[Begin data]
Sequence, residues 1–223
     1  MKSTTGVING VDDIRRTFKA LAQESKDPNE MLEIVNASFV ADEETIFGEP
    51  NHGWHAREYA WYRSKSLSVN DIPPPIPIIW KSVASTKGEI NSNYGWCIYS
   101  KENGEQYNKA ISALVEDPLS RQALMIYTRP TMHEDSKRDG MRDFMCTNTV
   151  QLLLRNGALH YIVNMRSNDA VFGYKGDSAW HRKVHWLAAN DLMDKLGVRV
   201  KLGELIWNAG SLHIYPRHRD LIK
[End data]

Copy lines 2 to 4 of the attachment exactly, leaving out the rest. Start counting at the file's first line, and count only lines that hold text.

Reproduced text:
     1  MKSTTGVING VDDIRRTFKA LAQESKDPNE MLEIVNASFV ADEETIFGEP
    51  NHGWHAREYA WYRSKSLSVN DIPPPIPIIW KSVASTKGEI NSNYGWCIYS
   101  KENGEQYNKA ISALVEDPLS RQALMIYTRP TMHEDSKRDG MRDFMCTNTV